Choreographer and dancer Victoria Chiu is a Melbourne girl. She doesn’t speak a Chinese language and the closest thing she has to a Chinese cultural ritual, she says, is the odd weekend yum cha session. Nonetheless, the question she is often asked, do you speak Chinese? forms the basis of her new work. Developed in collaboration with dancer Kristina Chan, “Do You Speak Chinese?” explores the many ways our bodies speak for us, often before we’ve even had a chance to open our mouths.
“Do You Speak Chinese?” premieres at the Malthouse Theatre, March 17-21 as part of Dance Massive 2015.
Tell us about you.
Victoria Chiu, a.k.a. Tor, I am a dancer, choreographer, mother and passionate about cultural diversity.
How did you start in dance?
I was about 5 and the girl next door was starting ballet and I went along with her. I kept doing ballet and it wasn’t really the right type of dance for me, I wasn’t so tenacious as a kid and didn’t look for anything else. So it wasn’t until after school and I deferred university that I somehow ended up at VCA in Melbourne. That’s where I was introduced to contemporary dance that was more than a Graham technique class.
How would you define your work?
I am interested in the physicalisation of ideas. I enjoy embracing the process in its entirety; if there’s something I feel necessary, I do my best to follow it through even if the logistics to realise that thought are not easy. I believe in growing and evolving as artist, so that requires experimenting and not being worried about outcome. I believe I was given the freedom to truly experiment when I lived in Switzerland; I was testing myself and ideas and was often surprised in many ways. That being said, now that I’ve had a past where I had the chance to experiment, now I feel there’s a responsibility to direct qualities found through experimentation and create work that could relate to an audience that is not only dance-minded.
It’s not easy to make work in Australia and significantly more difficult in many places in the world, so when given opportunity here to make work with resources I feel very lucky and want to honour the creative process, as well as making sure some ideas are coming across. I definitely don’t believe in giving everything away to the audience; I think they should work a little and enjoy that they might have to; I also believe there isn’t ever one interpretation for any dance work, so the audience is allowed to create their own journey, and that’s great.
How would you introduce “Do You Speak Chinese?”
This work came to be after I acknowledged the fact that I had ignored my Chinese heritage because of the way I was brought up in Australia. A series of life events led me to this point. My father passed away many years ago now but he was Chinese and he never taught me Cantonese. He came from the generation of migrants who assimilated in Australia and worked hard, he worked till late and maybe that’s one reason he didn’t teach me or my brothers Cantonese, but I also believe the climate in Australia at that time encouraged him to not worry about passing this valuable knowledge on to us. Then I had my son nearly 4 years ago, I wanted him to be proud of his Chinese heritage and accept it. It’s funny I have this memory of growing up in a landscape of white Australia learning English/American traditions and subconsciously being taught to value my dad’s heritage less than my mum’s, I loved them equally. Australia has changed and is changing but it’s far from naturally accepting all race and difference into its psyche and I don’t want my son to grow up with a default thought in the back of his mind that he might be ashamed of his grandfather’s heritage.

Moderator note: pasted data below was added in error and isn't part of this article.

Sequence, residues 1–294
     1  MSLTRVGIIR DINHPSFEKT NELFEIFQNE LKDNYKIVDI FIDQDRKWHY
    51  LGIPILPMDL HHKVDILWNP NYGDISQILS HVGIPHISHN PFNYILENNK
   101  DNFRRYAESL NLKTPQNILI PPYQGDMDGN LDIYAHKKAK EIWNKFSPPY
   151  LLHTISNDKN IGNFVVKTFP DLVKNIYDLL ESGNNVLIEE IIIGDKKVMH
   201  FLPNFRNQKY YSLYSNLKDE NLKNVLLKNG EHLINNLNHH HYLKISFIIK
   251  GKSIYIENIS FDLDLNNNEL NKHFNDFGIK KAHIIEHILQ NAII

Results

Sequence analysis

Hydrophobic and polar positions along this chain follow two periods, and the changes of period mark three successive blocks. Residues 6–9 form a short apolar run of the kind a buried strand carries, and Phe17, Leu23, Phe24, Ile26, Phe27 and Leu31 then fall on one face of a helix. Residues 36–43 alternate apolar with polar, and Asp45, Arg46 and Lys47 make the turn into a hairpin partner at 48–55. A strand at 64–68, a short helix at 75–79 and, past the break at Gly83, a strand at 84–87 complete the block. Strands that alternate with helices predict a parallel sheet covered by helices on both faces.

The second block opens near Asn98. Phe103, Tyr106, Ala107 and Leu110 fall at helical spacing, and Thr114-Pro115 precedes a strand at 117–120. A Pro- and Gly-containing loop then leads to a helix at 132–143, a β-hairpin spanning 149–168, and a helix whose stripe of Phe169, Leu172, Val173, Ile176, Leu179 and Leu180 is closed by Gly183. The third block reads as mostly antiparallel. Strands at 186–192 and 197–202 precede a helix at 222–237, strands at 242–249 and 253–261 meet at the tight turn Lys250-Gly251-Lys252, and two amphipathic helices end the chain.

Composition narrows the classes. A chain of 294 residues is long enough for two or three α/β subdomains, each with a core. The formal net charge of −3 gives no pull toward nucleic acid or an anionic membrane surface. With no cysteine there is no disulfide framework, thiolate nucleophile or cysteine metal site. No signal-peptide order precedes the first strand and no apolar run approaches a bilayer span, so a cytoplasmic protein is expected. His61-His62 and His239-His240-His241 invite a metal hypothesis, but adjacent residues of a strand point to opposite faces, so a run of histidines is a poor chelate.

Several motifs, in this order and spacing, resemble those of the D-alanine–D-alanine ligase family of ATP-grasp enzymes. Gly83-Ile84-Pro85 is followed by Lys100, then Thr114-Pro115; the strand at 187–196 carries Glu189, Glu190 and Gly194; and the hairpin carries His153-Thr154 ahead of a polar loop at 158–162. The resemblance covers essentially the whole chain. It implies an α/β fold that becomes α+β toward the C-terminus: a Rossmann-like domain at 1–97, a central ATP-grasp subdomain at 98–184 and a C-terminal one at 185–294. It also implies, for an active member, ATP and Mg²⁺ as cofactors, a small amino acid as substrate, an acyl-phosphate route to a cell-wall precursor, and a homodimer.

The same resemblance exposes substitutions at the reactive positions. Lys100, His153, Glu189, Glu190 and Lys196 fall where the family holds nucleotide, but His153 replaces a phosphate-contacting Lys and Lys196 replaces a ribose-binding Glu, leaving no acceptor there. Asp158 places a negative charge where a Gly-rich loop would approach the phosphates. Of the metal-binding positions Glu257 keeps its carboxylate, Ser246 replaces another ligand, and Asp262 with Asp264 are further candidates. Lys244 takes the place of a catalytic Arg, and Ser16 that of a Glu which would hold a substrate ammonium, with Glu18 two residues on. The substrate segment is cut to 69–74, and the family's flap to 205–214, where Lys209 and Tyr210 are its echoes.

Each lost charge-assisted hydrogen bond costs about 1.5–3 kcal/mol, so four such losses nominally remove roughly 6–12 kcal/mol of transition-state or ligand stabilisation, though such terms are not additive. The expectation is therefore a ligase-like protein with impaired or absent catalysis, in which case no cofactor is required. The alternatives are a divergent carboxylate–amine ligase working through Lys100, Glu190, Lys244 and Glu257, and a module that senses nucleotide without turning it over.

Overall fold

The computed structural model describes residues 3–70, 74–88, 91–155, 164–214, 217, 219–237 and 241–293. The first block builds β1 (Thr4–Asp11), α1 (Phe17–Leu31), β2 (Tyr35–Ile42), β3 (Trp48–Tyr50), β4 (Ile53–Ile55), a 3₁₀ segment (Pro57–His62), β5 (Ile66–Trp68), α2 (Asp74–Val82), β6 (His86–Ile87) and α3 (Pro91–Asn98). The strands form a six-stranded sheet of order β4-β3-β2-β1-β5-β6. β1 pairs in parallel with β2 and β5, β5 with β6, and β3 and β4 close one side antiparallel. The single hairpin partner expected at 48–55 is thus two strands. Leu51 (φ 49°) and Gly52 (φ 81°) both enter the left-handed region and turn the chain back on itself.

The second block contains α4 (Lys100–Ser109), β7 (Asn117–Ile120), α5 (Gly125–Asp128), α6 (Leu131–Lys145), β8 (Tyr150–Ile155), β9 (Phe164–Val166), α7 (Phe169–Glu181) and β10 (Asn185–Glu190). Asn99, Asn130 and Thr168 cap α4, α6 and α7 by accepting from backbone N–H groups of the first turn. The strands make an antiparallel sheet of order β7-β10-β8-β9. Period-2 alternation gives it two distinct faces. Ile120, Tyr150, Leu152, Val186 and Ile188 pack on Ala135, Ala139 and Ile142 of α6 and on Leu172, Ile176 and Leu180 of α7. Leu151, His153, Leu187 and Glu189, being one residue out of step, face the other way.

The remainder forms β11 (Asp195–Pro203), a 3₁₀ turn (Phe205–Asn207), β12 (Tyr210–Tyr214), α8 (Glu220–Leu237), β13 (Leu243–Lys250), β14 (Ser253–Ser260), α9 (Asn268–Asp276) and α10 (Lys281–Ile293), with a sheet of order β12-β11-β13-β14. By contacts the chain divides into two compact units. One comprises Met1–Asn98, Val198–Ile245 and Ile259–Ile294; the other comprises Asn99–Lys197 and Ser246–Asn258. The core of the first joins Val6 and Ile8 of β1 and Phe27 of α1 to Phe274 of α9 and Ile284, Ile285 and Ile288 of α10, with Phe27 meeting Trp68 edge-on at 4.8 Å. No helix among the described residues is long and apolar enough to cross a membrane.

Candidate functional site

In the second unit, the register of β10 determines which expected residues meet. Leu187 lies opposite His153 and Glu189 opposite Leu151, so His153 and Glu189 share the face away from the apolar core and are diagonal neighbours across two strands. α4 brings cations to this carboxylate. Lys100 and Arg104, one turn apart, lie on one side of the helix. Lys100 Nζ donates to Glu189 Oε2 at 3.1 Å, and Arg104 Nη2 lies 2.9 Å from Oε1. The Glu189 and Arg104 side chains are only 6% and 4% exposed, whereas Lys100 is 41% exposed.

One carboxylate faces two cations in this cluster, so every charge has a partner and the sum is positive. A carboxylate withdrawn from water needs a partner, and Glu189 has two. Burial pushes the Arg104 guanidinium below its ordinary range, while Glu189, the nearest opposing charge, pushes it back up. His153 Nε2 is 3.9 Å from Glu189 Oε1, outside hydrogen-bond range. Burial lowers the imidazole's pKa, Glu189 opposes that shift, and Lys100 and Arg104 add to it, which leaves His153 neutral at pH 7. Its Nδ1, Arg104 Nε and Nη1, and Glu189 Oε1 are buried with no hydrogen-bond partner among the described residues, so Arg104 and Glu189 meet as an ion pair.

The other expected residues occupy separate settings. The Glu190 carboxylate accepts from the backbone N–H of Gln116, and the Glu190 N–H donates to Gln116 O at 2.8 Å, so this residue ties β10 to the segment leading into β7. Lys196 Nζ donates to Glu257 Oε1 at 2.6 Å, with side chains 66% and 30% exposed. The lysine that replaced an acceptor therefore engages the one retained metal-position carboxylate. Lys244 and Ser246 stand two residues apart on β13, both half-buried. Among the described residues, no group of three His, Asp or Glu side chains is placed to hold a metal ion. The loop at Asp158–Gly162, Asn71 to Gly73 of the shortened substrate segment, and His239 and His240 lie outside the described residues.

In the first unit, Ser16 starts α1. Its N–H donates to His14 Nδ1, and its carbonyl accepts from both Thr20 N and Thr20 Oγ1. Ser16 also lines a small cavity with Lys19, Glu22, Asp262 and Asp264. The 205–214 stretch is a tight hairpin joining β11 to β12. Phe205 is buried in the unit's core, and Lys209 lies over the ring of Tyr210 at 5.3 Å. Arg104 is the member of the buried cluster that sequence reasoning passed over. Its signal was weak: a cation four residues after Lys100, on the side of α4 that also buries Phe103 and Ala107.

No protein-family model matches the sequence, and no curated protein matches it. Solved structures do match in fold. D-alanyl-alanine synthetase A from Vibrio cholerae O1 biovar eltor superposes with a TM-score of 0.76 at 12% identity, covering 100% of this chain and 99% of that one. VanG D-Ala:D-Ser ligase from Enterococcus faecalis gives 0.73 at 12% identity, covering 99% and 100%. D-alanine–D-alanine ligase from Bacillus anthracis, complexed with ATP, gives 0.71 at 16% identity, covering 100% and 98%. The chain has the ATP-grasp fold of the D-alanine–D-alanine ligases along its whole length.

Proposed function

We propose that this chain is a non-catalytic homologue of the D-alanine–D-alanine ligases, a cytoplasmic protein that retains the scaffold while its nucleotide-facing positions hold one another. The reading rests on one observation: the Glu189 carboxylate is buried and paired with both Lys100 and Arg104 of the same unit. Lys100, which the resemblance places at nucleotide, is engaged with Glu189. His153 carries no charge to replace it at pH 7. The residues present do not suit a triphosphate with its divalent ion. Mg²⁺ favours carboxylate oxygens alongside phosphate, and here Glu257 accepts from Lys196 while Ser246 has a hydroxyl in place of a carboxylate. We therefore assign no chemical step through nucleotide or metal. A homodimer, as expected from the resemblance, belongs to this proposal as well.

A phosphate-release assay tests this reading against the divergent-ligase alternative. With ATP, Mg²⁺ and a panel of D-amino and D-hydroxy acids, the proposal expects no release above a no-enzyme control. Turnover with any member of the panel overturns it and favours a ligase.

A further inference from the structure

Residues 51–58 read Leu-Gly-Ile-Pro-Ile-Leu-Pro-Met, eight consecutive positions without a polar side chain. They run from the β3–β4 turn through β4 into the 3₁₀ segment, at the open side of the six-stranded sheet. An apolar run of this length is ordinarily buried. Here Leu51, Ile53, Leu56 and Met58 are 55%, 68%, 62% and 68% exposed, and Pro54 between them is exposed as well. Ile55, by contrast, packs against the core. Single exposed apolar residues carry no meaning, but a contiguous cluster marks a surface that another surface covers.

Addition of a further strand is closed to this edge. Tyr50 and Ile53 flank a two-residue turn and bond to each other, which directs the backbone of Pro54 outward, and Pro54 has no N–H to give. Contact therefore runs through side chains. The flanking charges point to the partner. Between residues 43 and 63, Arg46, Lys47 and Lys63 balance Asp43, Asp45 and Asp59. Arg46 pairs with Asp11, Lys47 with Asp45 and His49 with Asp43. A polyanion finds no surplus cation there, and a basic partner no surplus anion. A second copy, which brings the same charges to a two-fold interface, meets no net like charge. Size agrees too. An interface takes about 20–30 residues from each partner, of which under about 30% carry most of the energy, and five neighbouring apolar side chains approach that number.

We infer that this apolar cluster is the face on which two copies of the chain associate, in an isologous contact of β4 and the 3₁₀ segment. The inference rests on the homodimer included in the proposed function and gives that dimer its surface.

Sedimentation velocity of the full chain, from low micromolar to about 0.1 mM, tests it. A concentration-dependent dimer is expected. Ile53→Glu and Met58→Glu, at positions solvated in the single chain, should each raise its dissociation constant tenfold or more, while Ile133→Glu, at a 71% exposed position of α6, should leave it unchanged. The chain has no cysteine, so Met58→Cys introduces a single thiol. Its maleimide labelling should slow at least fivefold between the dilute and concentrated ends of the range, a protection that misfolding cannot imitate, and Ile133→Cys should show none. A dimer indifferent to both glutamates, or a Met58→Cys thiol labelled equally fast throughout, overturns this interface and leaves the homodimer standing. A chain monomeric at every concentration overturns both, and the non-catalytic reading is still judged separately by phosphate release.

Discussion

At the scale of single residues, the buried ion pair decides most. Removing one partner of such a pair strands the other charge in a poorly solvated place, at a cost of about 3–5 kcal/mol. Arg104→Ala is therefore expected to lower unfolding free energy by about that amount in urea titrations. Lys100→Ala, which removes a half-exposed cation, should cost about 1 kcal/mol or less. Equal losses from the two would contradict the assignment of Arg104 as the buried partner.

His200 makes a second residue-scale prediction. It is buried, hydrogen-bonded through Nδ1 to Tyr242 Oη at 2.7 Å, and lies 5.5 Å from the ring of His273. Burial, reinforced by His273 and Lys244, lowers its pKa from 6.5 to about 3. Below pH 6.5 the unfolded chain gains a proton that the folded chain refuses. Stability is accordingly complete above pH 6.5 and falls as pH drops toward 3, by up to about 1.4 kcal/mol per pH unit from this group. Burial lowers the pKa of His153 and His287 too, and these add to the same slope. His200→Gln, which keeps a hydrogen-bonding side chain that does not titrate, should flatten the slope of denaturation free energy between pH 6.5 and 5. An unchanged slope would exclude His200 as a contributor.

I think you can believe that you have assimilated into a country and call yourself Australian but cultural identity is never that simple and that’s where I started with this piece. What I’ve found is it gets more and more complex but for each person there is a balance between the blood connection to their identity and the soil connection to where they were born and they grew up and neither can be fully denied.
These questions led me to meeting Mindy Meng Wang, who grew up in Northwest China, the Guzheng player in the piece. We started improvising together and did a few gigs with Multicultural Arts Victoria. Creatively, meeting and getting to know Mindy was the first step for me to become more Chinese, or at least have more understanding of what that might mean.
The piece was created in collaboration with Kristina Chan. How did you come to work together?
I met Kris a few times while I lived overseas through dancers and seeing shows. But working with her was the first thing I did when I started to move back to Australia from Europe. We did a development with Fiona Malone in Sydney, it was a duo and an intense process, so we got to know each other. I also did a short gig with Australian Dance Theatre, dancing on TV in L.A., Kris, an old member of A.D.T, was part of the ‘Australian Team’… so we had an interesting experience over there. Since then we hang out whenever we’re in each other’s cities … Melbourne and Sydney. Apart from knowing we could work together, respecting her immaculate performance capabilities and artistic knowledge I also know Kris’ heritage is remarkably similar to mine, yet we are very different people and that’s why I really wanted her to work on this piece.
What are you most proud of?
In relation to this piece, I am proud I started questioning this sentiment seriously. It has been an amazing process and opened up so many connections both personal and artistic for me that I didn’t know could possibly exist. At so many points along the way I have been amazed at what has happened and how my thinking has changed and have also found myself in incredible situations because of this research. I have been touched by so many people and they are all part of this piece.